Alphabet Energy

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Alphabet Energy
Founded December 29, 2008; 8 years ago (2008-12-29)
Headquarters Hayward, California, U.S.
Key people
Matthew L. Scullin (CEO and co-founder)[1]
Products Thermoelectric generators
Number of employees

Alphabet Energy is a startup company founded in 2009 at the University of California, Berkeley by thermoelectrics expert Matthew L. Scullin[2] and Peidong Yang.[3] The company uses nanotechnology and materials science applications to create thermoelectric generators that are more cost effective than previous bismuth telluride-based devices. The company is based in Hayward, California. It started with a license to use silicon nanowire developed at Lawrence Berkeley National Laboratory.[4][5][6][7] They moved from UC Berkeley to offices in San Francisco in 2011, and later to Hayward.[8]

Alphabet has a number of patents related to the capture of waste heat for purposes of electricity generation.[9] The company is working with tetrahedrite, a common mineral with thermoelectric properties.

2011's The Lean Startup: How Today's Entrepreneurs Use Continuous Innovation to Create Radically Successful Businesses describes Alphabet Energy's approach to product development as an example of the successful practice of the book's principles. Author Eric Ries is on Alphabet's advisory board.[10]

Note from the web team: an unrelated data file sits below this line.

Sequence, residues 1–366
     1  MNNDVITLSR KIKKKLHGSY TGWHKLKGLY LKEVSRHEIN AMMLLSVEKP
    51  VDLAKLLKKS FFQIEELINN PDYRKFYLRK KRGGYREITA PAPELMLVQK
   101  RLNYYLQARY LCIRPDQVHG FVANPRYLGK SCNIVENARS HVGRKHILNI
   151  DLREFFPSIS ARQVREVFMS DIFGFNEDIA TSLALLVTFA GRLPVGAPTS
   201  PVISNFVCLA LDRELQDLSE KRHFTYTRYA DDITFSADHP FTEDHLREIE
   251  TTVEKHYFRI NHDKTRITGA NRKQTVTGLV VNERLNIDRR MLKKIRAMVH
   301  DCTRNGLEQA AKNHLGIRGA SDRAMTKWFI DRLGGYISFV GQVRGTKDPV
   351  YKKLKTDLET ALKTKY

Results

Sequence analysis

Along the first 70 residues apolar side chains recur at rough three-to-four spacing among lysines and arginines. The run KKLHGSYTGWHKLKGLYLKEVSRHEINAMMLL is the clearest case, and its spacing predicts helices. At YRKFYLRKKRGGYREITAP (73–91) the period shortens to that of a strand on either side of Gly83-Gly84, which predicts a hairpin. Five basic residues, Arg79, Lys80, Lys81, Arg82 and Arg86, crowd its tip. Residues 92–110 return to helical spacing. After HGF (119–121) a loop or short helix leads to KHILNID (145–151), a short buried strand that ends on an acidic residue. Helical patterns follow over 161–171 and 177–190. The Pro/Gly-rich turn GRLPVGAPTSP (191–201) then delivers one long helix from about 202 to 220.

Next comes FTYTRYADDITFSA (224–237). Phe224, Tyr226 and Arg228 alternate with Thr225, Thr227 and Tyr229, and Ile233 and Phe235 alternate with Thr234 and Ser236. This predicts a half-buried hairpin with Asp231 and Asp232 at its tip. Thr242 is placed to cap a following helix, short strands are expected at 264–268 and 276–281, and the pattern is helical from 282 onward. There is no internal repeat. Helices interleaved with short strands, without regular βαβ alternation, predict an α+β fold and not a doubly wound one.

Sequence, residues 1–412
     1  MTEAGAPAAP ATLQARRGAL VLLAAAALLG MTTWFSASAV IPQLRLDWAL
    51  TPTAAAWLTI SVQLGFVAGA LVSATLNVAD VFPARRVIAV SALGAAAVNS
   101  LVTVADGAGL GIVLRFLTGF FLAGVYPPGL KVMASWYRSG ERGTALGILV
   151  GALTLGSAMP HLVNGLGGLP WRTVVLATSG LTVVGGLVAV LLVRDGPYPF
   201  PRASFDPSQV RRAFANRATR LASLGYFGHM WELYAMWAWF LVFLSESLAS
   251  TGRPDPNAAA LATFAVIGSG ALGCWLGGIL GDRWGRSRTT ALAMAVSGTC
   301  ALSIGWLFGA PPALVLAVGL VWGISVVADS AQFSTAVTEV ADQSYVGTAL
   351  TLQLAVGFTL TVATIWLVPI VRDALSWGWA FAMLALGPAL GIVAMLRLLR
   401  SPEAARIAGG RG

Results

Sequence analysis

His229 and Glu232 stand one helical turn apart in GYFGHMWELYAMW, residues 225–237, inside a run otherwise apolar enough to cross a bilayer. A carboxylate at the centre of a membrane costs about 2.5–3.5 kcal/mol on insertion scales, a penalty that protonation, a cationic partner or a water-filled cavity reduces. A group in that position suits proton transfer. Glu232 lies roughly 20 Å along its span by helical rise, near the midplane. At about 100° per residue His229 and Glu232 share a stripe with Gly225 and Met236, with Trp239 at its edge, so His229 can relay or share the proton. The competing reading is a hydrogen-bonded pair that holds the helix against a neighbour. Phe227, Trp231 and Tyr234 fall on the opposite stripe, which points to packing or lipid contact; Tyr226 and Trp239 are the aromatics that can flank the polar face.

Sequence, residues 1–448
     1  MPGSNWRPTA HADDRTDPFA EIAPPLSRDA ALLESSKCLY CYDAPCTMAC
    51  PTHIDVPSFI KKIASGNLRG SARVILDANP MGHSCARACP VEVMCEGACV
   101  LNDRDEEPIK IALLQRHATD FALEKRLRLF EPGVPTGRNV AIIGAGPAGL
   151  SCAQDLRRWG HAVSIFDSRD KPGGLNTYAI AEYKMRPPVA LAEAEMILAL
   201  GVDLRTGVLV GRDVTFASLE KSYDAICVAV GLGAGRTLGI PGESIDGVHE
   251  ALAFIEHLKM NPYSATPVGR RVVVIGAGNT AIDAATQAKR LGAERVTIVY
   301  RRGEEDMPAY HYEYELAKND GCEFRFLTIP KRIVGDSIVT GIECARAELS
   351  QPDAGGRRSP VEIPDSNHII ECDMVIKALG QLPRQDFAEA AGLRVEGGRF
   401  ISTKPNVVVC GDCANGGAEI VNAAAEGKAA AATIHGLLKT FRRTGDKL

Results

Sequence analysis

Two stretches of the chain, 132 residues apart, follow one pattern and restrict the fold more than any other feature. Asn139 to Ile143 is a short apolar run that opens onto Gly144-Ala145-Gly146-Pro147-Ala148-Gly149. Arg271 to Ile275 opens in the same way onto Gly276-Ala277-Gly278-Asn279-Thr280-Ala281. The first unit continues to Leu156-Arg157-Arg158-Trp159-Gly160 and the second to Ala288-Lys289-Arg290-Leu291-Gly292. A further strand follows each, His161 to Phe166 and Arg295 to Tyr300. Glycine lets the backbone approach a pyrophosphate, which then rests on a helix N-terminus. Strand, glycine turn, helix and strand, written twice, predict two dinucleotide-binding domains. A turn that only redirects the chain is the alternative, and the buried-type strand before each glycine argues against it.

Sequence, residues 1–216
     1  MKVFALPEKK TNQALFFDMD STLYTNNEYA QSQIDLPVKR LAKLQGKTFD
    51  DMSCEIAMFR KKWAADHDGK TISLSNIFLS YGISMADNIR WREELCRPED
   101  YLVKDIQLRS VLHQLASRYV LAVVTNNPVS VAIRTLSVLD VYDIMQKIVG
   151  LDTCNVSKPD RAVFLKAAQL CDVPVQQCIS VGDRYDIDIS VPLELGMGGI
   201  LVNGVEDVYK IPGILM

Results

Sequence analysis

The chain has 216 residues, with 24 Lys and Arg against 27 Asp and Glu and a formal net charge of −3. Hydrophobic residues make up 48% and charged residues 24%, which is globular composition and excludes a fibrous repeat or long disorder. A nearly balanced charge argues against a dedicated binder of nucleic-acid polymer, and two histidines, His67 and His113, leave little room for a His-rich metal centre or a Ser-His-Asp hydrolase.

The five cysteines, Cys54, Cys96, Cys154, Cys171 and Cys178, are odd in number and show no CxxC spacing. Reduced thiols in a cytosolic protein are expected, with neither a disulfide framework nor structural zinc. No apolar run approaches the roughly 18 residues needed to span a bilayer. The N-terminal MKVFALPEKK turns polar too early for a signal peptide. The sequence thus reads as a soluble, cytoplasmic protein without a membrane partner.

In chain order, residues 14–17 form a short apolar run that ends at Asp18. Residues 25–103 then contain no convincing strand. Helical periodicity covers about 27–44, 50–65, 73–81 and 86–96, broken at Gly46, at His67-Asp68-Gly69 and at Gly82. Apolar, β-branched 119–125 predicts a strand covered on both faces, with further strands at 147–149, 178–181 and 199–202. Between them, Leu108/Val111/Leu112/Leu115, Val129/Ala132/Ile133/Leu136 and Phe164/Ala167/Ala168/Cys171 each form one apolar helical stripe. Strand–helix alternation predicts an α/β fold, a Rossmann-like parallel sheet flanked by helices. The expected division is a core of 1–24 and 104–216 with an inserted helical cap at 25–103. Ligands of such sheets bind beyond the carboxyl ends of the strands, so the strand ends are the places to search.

Alphabet has raised over $35 million in venture capital funding from Claremont Creek, TPG Capital, Encana[11] and the California Clean Energy Fund. They were chosen as a 2014 World Economic Forum Technology Pioneer [12] and as a 2015 IHS CERAWeek Energy Innovation Pioneer.

The company’s name, based on the word alpha, comes from its use as a term for a Seebeck coefficient, and has no relation to the Google holding company, Alphabet Inc.


In 2014, Alphabet Energy introduced the world’s first industrial-scale thermoelectric generator, the E1. The E1 takes exhaust heat from large industrial engines and turns it into electricity. The result is an engine that needs less fuel to deliver the same power. The E1 is optimized for engines up to 1,400 kW, and works on any engine or exhaust source, currently generating up to 25 kWe on a standard 1,000 kW engine. The E1's modules are interchangeable but currently come with a low-cost proprietary thermoelectric material and the device is rated for a 10-year life span. As advances in thermoelectric materials are made, new modules can be swapped in for old ones, to continually improve fuel efficiency to as much as 10%.


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